The Pleasures of a Good Book
By Andrew Tibbetts
1. Portability. You don’t need any kind of a machine to interface with the data except your own head, so you can take these suckers anywhere. Even War and Peace can fit in a brief case or a knapsack. I have a pair of painter pants with pockets on the legs big enough for a paperback. If I put one in each leg I walk a little Frankenstein-y, but even bank lines or subway stops because opportunities to get back on the raft with Huck and Jim.
2. Interactiveness. These suckers are so easy to pause. You don’t have to go looking for the remote under the potato chip bag, or find that for some reason when you re-engage it’s gone right back to the beginning FBI warnings. Stop and start willy-nilly and it’ll be right where you left off. It will even pause while your mind wanders (although you may need to place a finger on the spot on the page if you don’t want to have to reread a sentence or two.) For longer pauses, an old receipt or gum wrapper will mark your spot and you can close the thing right up! I’m reading The Rest is Noise by Alex Ross currently and my book mark is the little paper case an earl grey tea bag came in. It’s purple and smells of bergamot.
3. Flexibility of Pacing. Unlike soap operas which can crawl or kinetic art movies which whiplash your brain, these suckers move at your pace. You can even modify your pace, rushing through when the action has grabbed you, or lingering when the language is baskworthy! (Shhh, it’s even possible to skim, if you need to. My colleague, V., skims fiction and never non-fiction, and I’m just the opposite.)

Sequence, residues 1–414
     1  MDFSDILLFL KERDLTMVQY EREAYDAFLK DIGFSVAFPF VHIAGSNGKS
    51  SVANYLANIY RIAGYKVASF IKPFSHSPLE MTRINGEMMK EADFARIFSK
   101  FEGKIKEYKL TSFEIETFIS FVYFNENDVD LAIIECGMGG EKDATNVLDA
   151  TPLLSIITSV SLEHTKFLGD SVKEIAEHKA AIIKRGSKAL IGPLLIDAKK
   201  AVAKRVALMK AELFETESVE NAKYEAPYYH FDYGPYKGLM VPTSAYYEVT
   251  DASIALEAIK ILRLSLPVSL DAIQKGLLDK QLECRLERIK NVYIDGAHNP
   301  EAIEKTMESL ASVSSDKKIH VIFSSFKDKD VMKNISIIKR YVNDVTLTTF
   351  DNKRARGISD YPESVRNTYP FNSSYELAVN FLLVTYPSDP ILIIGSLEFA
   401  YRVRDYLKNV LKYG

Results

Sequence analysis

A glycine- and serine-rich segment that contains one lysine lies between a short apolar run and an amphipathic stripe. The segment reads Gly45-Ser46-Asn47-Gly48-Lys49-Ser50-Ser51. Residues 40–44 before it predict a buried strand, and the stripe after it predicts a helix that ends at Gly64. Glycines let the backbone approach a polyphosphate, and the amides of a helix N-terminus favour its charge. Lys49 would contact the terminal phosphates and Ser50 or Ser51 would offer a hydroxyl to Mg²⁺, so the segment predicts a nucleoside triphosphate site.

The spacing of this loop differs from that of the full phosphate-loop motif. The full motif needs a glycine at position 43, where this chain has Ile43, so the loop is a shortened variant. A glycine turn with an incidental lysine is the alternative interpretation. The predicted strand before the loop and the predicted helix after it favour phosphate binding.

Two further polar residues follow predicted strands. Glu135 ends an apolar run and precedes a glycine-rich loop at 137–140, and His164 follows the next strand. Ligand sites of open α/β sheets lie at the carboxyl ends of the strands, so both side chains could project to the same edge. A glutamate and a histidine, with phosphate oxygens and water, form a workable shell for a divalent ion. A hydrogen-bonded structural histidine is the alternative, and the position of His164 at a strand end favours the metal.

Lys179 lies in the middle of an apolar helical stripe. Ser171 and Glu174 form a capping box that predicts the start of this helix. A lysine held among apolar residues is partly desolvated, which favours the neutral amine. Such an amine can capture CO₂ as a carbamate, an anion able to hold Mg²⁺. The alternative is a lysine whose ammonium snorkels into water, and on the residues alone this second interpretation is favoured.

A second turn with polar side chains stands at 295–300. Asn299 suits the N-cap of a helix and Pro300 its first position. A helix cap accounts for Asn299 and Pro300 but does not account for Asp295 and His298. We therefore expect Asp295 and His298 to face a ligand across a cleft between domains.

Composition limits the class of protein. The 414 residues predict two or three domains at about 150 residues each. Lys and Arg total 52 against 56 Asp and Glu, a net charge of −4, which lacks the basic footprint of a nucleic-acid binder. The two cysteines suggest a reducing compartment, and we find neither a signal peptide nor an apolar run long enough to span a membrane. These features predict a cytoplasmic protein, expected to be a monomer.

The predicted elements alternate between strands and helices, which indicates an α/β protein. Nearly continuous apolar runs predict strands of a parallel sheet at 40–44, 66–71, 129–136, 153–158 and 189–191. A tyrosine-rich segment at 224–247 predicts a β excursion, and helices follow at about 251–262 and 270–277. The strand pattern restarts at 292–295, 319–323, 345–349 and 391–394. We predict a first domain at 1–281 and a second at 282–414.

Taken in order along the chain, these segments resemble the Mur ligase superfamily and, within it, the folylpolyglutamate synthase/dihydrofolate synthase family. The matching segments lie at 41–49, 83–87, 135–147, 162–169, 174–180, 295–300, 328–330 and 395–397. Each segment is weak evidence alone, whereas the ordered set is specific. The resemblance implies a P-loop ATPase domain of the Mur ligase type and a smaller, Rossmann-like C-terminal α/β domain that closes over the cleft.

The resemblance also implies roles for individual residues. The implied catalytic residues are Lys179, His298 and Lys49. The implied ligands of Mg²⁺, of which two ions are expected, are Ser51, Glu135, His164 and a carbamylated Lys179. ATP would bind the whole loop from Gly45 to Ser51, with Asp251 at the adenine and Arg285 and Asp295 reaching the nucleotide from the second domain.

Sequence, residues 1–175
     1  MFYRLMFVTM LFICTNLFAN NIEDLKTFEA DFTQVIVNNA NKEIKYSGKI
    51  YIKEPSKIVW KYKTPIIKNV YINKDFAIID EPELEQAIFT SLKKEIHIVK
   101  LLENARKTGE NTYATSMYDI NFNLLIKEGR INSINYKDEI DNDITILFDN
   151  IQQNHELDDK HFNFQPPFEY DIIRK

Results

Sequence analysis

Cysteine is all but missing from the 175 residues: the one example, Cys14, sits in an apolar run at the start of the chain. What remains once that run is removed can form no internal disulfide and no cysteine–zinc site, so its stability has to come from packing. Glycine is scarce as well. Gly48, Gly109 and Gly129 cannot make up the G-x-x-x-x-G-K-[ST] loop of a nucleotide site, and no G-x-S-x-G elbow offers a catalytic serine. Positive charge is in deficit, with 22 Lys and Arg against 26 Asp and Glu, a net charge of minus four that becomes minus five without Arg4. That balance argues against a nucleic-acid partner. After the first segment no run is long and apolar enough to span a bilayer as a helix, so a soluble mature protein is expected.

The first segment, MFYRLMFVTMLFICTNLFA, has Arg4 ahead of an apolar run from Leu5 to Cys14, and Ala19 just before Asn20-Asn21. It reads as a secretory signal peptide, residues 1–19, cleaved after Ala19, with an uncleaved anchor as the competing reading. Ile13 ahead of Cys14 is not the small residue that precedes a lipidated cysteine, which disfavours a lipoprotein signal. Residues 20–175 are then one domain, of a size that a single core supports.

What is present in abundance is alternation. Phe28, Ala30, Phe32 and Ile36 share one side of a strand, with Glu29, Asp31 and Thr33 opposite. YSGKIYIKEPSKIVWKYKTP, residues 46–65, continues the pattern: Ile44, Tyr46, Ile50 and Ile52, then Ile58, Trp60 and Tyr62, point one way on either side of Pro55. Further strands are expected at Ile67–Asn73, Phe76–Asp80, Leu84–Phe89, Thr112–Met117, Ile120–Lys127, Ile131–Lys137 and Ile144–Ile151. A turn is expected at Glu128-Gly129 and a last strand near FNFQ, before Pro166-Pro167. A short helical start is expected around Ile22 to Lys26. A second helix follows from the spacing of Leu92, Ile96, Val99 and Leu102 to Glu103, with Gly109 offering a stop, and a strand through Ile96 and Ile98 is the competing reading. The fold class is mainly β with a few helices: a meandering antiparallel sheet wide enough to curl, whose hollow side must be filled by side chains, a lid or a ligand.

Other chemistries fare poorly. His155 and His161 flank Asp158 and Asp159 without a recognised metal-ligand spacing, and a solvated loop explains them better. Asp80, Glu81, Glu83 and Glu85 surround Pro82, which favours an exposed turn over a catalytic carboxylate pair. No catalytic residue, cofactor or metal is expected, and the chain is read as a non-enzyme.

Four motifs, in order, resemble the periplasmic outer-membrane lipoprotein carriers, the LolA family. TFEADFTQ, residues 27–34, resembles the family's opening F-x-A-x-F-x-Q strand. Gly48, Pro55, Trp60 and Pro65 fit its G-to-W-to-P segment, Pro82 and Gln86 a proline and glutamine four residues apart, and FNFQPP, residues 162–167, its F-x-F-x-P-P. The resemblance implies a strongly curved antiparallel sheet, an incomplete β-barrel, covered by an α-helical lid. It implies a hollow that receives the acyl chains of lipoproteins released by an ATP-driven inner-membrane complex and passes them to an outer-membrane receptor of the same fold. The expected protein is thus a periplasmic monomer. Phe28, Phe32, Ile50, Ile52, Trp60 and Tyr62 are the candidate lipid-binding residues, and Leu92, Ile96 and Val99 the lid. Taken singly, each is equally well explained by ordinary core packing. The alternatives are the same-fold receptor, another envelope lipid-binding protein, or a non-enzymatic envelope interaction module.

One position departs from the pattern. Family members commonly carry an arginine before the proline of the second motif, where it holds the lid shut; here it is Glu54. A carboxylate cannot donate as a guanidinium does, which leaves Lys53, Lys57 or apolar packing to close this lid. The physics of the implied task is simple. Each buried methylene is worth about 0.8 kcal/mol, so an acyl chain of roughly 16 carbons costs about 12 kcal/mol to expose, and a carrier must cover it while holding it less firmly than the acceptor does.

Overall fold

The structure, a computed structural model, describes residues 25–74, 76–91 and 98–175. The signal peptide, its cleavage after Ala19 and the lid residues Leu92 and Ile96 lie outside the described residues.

4. Hurlability. These suckers are hard to break. They hurl nicely and don’t really damage. I was once reading Underground to Canada by Barbara Smucker out loud to my kids and became enraged during a harrowing description of the treatment of slaves. I spontaneously hurled the book across the room smack into the bedroom wall to the shock of my 9-year old. After I stopped sobbing, we retrieved the book and it was fine. You cannot do this with DVDs or MP3players.
6. Variety. There are more kinds of novels than anything else really. Big fat epics, hilarious comic romps, taut psychological thrillers, sci-fi mindbenders, lyrical literary treasures, swooning romances, you name it! They get as old as Genji Monogatari by Lady Murasaki Shikibu from the eleventh century right up to something published yesterday (Infected: A Novel by Scott Sigler). And never mind novels, there’s also collections of poetry, collections of short stories, and non-fiction books on any topic you can think up from aphids to zoophilia. They come in different colours, sizes, languages. Gosh. The mind boggles at the immensity of choice. Sometimes I find myself in a public library completely unable to think of a book. Paralyzed by possibility. I have taken to keeping a list.
7. Substantialness of Content. Unlike much of the stuff you find on the internet, books have been taken time over and tend to have some meat to them. It’s a little too easy to blog, isn’t it? Everybody blogs now. If I have a chat with somebody I rush home to read their blog about it. Because of the filtering aspect of the time it takes to write and publish a book, the ephemeral often falls by the wayside. But, hey, if you want ephemeral, there’s a biography of the pop star of the moment right out front in the nearest bookstore.
8. Inevitability of Focus. Unlike the TV or the Stereo, you can’t have a book on in the background. If you just plop one on the coffee table while you do your nails it won’t do a thing for you. You create the experience with your concentration. The book needs you to participate. If your mind wanders, the story stops. Unlike a movie that keeps going even when you spill a glass of red wine on your pants and need to scoot around swearing for a minute. Sure, sometimes, your mind can do a couple of things at once, but not well. So you find yourself having read a page but not taken anything in. Unlike other time-bound art experiences, the words sit there calmly on the page waiting for you to notice, click in, and go back up to the last line you remember.
9. Autobiography of Red by Anne Carson
10. The books of the future. For example, coming soon to a bookstore near you!